Put on your seatbelts, here we goJune 23, 2015 9:00
Passport to purchase, Part II
Even as the financial crisis takes its toll, it looks like the Gulf states maybe looking to reclaim their place at the center of world trade, Part II.
January 26, 2009 8:49 by Ian Munroe
With the odds stacked against the WTO, Gulf states may want to concentrate on domestic housecleaning -things they can do on their own to become more efficient trading centers, mainly by reducing the cost of sending goods through local air and seaports.
In industry speak, those measure are sometimes called trade facilitation, which includes making regulations more transparent; developing local transportation infrastructure; and generally speeding up the time that freight shipments wait to be processed by customs authorities.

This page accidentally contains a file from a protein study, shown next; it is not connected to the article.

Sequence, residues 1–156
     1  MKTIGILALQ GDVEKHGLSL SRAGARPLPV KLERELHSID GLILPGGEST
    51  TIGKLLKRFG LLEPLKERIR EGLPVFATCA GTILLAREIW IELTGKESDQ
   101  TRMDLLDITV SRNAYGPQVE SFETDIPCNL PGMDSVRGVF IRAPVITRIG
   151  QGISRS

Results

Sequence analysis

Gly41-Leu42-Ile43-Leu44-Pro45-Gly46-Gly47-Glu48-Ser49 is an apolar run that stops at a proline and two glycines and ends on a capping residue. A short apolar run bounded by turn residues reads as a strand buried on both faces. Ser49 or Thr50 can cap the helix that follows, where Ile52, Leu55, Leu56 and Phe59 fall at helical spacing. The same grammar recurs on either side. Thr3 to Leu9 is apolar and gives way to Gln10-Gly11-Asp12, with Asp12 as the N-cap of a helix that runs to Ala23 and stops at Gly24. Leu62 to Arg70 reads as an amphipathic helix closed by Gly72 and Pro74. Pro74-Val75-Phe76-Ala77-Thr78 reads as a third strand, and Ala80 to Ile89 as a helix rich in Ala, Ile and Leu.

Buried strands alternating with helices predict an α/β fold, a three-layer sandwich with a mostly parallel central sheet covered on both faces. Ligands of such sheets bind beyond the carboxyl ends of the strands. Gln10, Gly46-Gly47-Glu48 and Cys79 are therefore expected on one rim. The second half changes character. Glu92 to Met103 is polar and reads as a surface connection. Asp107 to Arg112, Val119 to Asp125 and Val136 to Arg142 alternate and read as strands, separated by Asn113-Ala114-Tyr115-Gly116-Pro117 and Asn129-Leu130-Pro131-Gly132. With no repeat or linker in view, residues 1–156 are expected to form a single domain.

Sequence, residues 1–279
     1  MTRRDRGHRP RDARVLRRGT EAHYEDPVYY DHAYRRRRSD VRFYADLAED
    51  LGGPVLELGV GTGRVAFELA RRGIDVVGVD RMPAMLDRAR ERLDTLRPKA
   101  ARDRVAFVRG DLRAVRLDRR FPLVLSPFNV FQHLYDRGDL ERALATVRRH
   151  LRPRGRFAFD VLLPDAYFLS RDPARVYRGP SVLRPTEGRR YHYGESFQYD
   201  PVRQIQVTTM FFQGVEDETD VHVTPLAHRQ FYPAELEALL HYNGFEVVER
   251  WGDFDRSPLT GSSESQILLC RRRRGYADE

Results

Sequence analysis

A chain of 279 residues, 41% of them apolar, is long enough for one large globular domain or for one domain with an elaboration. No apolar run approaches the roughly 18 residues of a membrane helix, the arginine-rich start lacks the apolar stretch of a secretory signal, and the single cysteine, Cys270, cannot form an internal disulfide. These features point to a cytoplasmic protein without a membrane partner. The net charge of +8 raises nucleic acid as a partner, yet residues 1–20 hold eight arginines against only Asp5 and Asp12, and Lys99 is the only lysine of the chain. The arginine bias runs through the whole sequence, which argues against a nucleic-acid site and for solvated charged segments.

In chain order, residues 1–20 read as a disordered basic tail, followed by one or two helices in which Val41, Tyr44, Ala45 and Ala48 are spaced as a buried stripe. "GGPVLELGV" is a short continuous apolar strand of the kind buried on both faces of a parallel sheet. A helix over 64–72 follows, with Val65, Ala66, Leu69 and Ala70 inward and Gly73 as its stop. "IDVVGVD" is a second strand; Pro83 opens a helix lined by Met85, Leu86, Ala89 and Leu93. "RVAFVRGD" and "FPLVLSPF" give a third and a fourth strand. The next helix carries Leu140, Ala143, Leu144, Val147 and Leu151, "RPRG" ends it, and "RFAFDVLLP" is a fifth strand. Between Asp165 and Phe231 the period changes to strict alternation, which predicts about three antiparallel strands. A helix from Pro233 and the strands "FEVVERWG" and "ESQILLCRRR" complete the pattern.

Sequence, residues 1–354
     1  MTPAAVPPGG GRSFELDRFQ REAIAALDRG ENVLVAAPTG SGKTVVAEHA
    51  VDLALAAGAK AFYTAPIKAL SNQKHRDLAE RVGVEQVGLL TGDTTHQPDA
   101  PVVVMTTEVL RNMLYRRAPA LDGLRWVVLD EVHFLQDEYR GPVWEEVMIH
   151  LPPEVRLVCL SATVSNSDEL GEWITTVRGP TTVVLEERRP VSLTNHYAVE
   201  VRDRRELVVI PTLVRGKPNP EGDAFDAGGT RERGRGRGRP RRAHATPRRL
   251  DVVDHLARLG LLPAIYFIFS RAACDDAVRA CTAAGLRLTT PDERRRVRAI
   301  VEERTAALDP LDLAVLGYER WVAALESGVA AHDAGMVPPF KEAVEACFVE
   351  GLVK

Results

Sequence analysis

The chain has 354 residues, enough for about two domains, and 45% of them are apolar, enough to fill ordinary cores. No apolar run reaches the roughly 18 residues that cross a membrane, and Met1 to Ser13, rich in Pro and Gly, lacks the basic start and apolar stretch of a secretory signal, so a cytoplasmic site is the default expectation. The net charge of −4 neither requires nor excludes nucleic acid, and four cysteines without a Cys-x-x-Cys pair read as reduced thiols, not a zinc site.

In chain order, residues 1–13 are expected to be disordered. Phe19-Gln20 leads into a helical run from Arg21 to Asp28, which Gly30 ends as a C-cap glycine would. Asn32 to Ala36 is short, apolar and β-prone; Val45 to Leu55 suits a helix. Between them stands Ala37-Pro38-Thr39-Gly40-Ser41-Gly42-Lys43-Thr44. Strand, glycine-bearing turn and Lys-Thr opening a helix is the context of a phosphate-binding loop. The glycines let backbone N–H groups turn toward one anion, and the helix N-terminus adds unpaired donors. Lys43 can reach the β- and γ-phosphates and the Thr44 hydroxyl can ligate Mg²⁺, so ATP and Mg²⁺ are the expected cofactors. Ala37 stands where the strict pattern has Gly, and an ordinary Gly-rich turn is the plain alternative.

“It’s not going to solve the problems of the recession,” says Paul Hiscock, head of communications at the UK based trade facilitation body SITPRO. “But the sorts of things you get with trade facilitation are perhaps going to make the difference for some companies and for some countries.”
“What you get to do is make profit margins or loss margins slightly better,” he adds. “And let’s face it, anything you can do to get rid of costs in this sort of market is good. You want to be as efficient as possible.”
With the global trade system under threat and international commerce set to drop off in the Gulf, a cost-cutting attitude may be the region’s best bet. Especially if its trade sector hopes to avoid losing ground to transshipment hubs in other parts of the world, which will be vying for slices of a smaller economic pie this year.
First seen in Trends magazine.